ranger (file manager)

From Wikipedia, the free encyclopedia
Developer(s)Toon Nolten, Wojciech Siewierski, Roman Zimbelmann[1]
Initial releaseJune 9, 2010; 13 years ago (2010-06-09)[1]
Stable release
1.9.3[2] Edit this on Wikidata / 31 December 2019
Written inPython
Operating systemLinux
Size274 KB (tar.gz source)[3]
Available inEnglish only[4]
TypeFile manager
Websiteranger.github.io Edit this on Wikidata

ranger is a free and open-source file manager with text-based user interface for Unix-like systems. It is developed by Roman Zimbelmann and licensed under the terms of the GNU General Public License. The program can accomplish file management tasks with a few keystrokes, and mouse input is optional. In conjunction with extensions including the rifle file opener and scope.sh, ranger can be scripted to open files with pre-defined programs, and to display a preview of the selected file by calling external programs.[6]


  • UTF-8 support
  • Multi-column display (Miller columns)
  • Preview of the selected file/directory
  • Common file operations (create/chmod/copy/delete/...)
  • VI-like console and hotkeys
  • Renaming multiple files at once
  • Automatically determine file types and run them with correct programs
  • Integration with External Programs
  • Shell directory changing after exit
  • Tabs, bookmarks and mouse support
  • True-color image previews
  • Video thumbnails


ranger is written in Python and the text-based interface uses ncurses.[7][8] The program makes use of the Miller columns visualization technique to display folder structures in three columns, whose default width ratios are 1:3:4. The currently active folder is always displayed in the central column, while folders higher up in the hierarchy are on the left. The rightmost column is used for displaying deeper folders and file previews.[5][9]


ranger borrows its keybindings from vi where possible, but also accepts mouse buttons and shares a few keybindings with GNU Readline and Midnight Commander. All configurable keybindings are defined in the ranger/config/rc.conf configuration file, which is located in $HOME/.config/ by default.[10]

Comparison with other file managers[edit]

Due to its use of the Miller columns layout, ranger has been compared to Finder,[11][12] the default file manager used on the classic Mac OS and macOS operating systems. It has also been suggested as a viable alternative to users accustomed to Directory Opus.[13][14] ranger shares similarities with other text-based file managers including Midnight Commander, from which it borrowed its function key keyboard shortcuts, and with vifm, which also borrows features from vi and Mutt. In addition, most core utilities related to file management (cd, ls, rm, mv, ln, touch, etc.) are available from within ranger's distinct command language layer.[15] File browser with a similar text user interface include rover[16] and nnn.[17]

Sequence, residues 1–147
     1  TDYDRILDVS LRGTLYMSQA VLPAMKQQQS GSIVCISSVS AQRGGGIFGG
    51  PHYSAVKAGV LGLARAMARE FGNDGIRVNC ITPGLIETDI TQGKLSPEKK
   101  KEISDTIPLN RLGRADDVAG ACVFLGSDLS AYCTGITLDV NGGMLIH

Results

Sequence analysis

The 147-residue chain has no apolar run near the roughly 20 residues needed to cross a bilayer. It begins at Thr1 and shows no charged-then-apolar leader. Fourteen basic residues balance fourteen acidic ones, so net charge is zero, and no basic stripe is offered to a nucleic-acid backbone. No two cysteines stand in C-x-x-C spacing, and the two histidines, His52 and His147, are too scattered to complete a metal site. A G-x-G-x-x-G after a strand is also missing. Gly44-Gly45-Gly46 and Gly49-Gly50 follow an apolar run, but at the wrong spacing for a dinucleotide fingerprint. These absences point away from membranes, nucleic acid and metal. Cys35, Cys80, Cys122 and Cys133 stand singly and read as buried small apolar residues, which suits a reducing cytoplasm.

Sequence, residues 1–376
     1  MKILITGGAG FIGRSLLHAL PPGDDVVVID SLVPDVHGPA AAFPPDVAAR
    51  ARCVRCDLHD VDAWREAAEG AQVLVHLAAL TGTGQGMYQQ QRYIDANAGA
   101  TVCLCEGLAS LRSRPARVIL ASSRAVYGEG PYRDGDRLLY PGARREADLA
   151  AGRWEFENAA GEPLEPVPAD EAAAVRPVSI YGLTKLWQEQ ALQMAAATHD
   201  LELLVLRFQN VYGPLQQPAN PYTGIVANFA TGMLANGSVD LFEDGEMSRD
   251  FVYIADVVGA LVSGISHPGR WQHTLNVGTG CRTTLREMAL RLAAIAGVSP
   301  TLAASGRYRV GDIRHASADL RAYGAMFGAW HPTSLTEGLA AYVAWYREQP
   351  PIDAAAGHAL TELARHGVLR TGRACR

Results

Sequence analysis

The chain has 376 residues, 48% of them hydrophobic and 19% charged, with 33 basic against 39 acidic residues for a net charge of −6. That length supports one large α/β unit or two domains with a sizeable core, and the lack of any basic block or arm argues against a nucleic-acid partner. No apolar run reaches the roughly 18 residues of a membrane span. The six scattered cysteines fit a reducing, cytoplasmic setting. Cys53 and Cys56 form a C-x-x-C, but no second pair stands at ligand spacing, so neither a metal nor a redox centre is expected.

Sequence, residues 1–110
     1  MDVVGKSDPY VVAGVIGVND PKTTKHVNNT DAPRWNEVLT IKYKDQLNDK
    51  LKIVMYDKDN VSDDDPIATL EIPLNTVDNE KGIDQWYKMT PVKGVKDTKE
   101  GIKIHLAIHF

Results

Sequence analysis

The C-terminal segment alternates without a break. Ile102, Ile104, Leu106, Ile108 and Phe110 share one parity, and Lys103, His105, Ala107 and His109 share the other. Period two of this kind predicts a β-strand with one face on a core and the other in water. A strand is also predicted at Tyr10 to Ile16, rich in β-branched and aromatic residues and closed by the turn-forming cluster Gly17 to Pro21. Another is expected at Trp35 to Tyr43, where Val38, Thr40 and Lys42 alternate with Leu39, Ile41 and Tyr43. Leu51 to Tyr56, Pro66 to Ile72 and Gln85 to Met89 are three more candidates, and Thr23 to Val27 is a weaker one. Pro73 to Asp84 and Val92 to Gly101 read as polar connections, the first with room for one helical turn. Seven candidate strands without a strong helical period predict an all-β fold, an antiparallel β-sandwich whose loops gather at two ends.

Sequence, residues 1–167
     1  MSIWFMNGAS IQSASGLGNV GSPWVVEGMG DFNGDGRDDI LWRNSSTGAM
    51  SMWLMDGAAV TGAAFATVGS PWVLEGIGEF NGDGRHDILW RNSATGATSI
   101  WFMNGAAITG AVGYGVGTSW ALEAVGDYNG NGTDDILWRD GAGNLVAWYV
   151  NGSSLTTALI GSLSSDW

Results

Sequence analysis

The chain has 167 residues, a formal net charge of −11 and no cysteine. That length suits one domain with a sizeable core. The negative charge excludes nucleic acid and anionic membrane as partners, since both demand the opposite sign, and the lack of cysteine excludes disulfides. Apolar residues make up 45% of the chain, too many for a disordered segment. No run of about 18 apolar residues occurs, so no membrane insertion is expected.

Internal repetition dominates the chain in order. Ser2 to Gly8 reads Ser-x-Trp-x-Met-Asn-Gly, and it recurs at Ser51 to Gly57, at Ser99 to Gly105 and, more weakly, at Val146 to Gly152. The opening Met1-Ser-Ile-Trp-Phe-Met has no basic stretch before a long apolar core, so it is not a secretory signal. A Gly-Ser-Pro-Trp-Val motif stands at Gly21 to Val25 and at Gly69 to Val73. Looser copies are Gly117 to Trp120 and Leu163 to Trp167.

A 2012 survey among Arch Linux users found that ranger was the most used text-based file manager among respondents, surpassing Midnight Commander, the second most widely used text-based file manager, by a factor of two and a half (20% to 8%).[18] ranger also received 0.9% of votes in the "Best File Manager" category in a 2013 survey by Linux Journal.[19] LinuxLinks named it one of the "10 Best Orthodox Free Linux File Managers", and one of its "5 Top Console Linux File Managers".[20][21] It is often cited in magazine articles and software blogs for power users as an illustration of the power and versatility of the command line interface.[22]

See also[edit]


  1. ^ a b "Ranger home page". Ranger - console file manager with VI key bindings. Retrieved 21 April 2023.
  2. ^ "Release 1.9.3". 31 December 2019. Retrieved 1 January 2020.
  3. ^ "Download". ranger - file manager. Retrieved 28 April 2022.
  4. ^ "Ranger: le file-manager en python" (PDF). arpinux.org (in French). Archived from the original (PDF) on 5 July 2014. Retrieved 5 July 2014. [...] le seul défaut de ranger serait qu'il est anglophone…
  5. ^ a b "ranger - visual file manager". ranger(1) manpage. Retrieved 13 June 2014.
  6. ^ Kemp, Juliet (16 August 2010). "Ranger: Console-Based File Management". ServerWatch. IT Business. Retrieved 18 June 2014.
  7. ^ Bezroukov, Dr. Nikolai. "History of Scripting Language based OFMs". Softpanorama. Retrieved 18 June 2014.
  8. ^ 黑日白月 (4 October 2010). "Ranger: 控制台下的文件管理器". LinuxTOY (in Chinese). Retrieved 18 June 2014.
  9. ^ Arora, Himanshu (5 September 2013). "Ranger – A Text Based File Manager For Command Line Users". MyLinuxBook. Retrieved 18 June 2014.
  10. ^ Vogelgesang, Matthias (17 October 2012). "Ranger File Manager". Bloerg. Retrieved 18 June 2014. the first thing you will notice is a window layout similar to MacOS' finder
  11. ^ Mottram, Jack (30 April 2010). "Ranger". One Thing Well. Retrieved 18 June 2014.
  12. ^ Hartnell, Brian (March 2012). "Directory Opus" (PDF). Full Circle Magazine (in French) (59): 42. Retrieved 18 June 2014.
  13. ^ Beckers, Ludo (April 2012). "Directory Opus" (PDF). Full Circle Magazine (in French) (60): 43. Retrieved 18 June 2014.
  14. ^ Bezroukov, Dr. Nikolai (November 2012). "OFM2012 -- Cutting Edge Features of Orthodox File Managers". Softpanorama. Retrieved 18 June 2014.
  15. ^ "Rover -- simple file browser for the terminal".
  16. ^ "Jarun/NNN". GitHub. 26 October 2021.
  17. ^ "LnF Awards 2012 - The best Light & Fast apps of 2012". bbs.archlinux.org. Retrieved 11 June 2014.
  18. ^ Shawn Powers (December 2013). "Readers' Choice Awards 2013". Linux Journal (236): 79. Retrieved 17 June 2014.
  19. ^ 陈皓 (11 July 2012). "28个Unix/Linux的命令行神器". Chinese Software Developer Network (CSDN) (in Chinese). Retrieved 18 June 2014.

External links[edit]